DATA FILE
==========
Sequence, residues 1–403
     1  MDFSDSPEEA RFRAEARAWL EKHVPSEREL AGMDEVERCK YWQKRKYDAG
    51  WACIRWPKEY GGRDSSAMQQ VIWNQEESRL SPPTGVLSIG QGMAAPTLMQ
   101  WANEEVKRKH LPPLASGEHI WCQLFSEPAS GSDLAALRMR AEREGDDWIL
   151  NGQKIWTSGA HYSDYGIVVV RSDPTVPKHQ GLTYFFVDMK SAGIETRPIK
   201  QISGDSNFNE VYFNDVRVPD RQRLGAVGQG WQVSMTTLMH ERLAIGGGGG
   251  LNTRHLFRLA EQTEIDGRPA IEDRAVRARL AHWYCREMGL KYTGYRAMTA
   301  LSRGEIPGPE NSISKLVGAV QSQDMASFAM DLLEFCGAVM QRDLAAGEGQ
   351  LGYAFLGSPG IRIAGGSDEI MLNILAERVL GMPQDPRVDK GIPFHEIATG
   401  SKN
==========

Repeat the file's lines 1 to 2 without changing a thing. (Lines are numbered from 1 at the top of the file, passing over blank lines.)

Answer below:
Sequence, residues 1–403
     1  MDFSDSPEEA RFRAEARAWL EKHVPSEREL AGMDEVERCK YWQKRKYDAG